“In this article are than a dozen potential future user interfaces that we’ll be seeing over the next few years (and some further into the future).” Read more…

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Free Multimedia Tool Workshop Updated Handouts

online news association ona logoHey Journalistopians, it’s been a long while, but I wanted to post the handouts and examples I’ll be sharing at this weekend’s Online News Association Parachute Training in Boca Raton, Fla. Feel free to use these in presentations, in the classroom, to line your birdcage — whatever tickles your fancy!

Posted in blogging, conferences, data, maps, random stuff, social media, tutorials, web design, web development | 5 Comments

Time Hack: Monitor News Sites with iMacros Firefox Plugin

imacrosMy colleague Mario Starks recently pointed me to a rockin’ new Firefox plugin called iMacros, which lets you automatically run a whole host of repetitive tasks in your browser. My immediate thought was how this tool is perfect for monitoring competitors by loading multiple web sites in one shot.

By running a macro (similar to an Office macro or Photoshop action), you can designate a list of news sites, and run a macro to pop them all open. No more clicking your bookmarks one by one. Also, iMacros can also do all sorts of neat stuff, such as web scraping and automating file downloads.

And for more great ways to monitor your news competition, check out 5 Ways to Monitor Your News Competition Online.

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5 Must-Read Online Media Books

As I stared at my bookshelf this evening, I got to thinking about the books I most often recommend to online journalism colleagues and workshop participants. I figure my pals in the blogosphere might find such a list useful as well. Each of these five books either fundamentally changed my outlook or gave me incredibly useful knowledge in my daily work.

And please, tempt me into spending some book money by sharing your favorites in the comments! On to the list:

SEO for Dummies by Peter Kent

seofordummiesPeter Kent’s book can help any beginner make huge strides in optimizing content for search engines. When I teach workshops, I often hand out a list of links to practical online resources; ‘SEO for Dummies’ is the only dead-tree resource to make it on that list. Read this thing at least twice. This book is not only spectacularly useful, it’s also one of the most enjoyable technology books I’ve ever read. Knowing this book inside and out can result in many, many new readers coming to your news site.

One More Time: The Best of Mike Royko

mikeroykoIf you’re a journalist wanting to learn a thing or two about blogging, skip the e-book by this week’s online marketing flavor of the week. Instead, read this collection of columns by longtime Chicago columnist Mike Royko. Royko wrote his columns five days a week, a schedule many bloggers are hard-pressed to keep. He was a master at interacting with his audience, sometimes even poking fun at them (read his czernina columns). He knew how to pick topics that got people to react and care.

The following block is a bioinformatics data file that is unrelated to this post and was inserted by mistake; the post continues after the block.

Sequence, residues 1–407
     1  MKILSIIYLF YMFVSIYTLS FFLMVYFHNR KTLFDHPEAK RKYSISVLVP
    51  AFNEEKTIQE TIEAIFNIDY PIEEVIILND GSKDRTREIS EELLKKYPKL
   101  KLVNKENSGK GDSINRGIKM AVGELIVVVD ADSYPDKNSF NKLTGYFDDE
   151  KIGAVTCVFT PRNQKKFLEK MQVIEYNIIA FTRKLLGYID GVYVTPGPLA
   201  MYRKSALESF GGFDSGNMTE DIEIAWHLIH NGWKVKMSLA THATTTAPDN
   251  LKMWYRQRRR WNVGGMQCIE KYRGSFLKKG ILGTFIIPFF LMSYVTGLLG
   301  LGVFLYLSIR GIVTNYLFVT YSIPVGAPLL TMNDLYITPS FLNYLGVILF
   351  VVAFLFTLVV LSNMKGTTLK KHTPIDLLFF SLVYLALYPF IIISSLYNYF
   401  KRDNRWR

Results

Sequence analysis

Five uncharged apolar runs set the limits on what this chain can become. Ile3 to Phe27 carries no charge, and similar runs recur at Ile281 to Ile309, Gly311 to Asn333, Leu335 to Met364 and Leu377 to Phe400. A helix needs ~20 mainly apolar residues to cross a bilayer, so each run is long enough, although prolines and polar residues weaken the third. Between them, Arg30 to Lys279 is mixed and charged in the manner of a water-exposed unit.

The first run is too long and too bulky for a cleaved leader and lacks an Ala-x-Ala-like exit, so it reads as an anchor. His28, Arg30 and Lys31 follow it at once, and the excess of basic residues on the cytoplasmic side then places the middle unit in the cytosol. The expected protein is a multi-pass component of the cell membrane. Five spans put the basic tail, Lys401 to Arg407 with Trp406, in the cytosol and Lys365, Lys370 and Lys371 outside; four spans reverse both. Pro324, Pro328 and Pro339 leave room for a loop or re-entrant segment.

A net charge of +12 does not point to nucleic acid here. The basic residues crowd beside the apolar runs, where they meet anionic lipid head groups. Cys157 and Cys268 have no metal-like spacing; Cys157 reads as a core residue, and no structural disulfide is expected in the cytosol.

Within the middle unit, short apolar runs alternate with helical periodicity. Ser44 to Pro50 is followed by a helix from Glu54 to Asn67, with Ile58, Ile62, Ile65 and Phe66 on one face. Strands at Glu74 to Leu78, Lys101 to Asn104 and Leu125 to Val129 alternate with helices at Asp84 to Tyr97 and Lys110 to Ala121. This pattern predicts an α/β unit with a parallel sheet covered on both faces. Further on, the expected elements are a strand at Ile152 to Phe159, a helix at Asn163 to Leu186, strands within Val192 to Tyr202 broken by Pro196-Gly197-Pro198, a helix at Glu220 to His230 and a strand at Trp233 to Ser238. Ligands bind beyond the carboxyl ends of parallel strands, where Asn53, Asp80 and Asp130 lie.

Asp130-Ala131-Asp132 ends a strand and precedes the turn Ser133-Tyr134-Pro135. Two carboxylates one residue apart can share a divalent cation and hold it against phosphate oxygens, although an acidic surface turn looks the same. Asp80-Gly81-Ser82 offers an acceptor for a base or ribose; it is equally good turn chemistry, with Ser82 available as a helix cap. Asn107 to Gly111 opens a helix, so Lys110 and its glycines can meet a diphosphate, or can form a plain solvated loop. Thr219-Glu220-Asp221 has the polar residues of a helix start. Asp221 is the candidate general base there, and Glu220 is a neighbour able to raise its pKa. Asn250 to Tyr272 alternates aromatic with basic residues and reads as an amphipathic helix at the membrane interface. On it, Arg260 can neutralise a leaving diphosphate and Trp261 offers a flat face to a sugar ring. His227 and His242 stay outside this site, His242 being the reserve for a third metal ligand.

And, Royko unknowingly discovered a secret to building a successful community around a web site: getting people together in real life. Royko was famous for his rib cookoffs, ugly dog contest and other events.

Read Mike Royko through the lens of a blogger, and you’re bound to gain a new appreciation for the lessons that can be learned from journalism’s past.

Myths of Innovation by Scott Berkun

myths of innovationI still remember the day at the 2007 ONA conference when fellow journalism geek Lisa Williams told a group of online editors that the journalism industry was beginning to mirror the technology industry with its rapid development cycles and webby culture. Consequently, fostering a culture of innovation is key to growing a successful news site. Scott Berkun’s ‘Myths of Innovation’ will challenge your ideas on how new concepts succeed in the marketplace, as well as give you some insights on fostering innovation in your newsroom and personal life.

Don’t Make Me Think! A Common Sense Approach to Web Usability by Steve Krug

don'tmakemethinkSteve Krug’s ‘Don’t Make Me Think!’ is THE bible of web usability. Anyone involved in working on a web site should read this book. ‘Don’t Make Me Think!’ can help keep you from making costly mistakes when putting together your site on a daily basis. What kinds of links work best? How do people navigate your site? Why aren’t my promos working? This book holds many of your answers, my friend. Even the layout of this book is an example of great usability.

Spring into HTML & CSS by Molly E. Holzschlag

springintohtmlcssThis is the HTML/CSS book upon which I was weaned as a newbie HTML slinger –or rather, as a standards-compliant HTML slinger. You see, I first learned to design web sites by my lonesome using Adobe GoLive and its accompanying manual (go on, laugh and get it out of your system). It wasn’t until I used this book in Mindy McAdams’ multimedia class at the University of Florida that I really started to learn to design using modern best practices. This book is still my go-to recommendation whenever I’m asked about a good book for learning HTML and CSS.

Now go on, tell everyone in the comments what five books you most often recommend to colleagues.

Posted in blogging, communities, tutorials, web design, web development, writing and editing | 8 Comments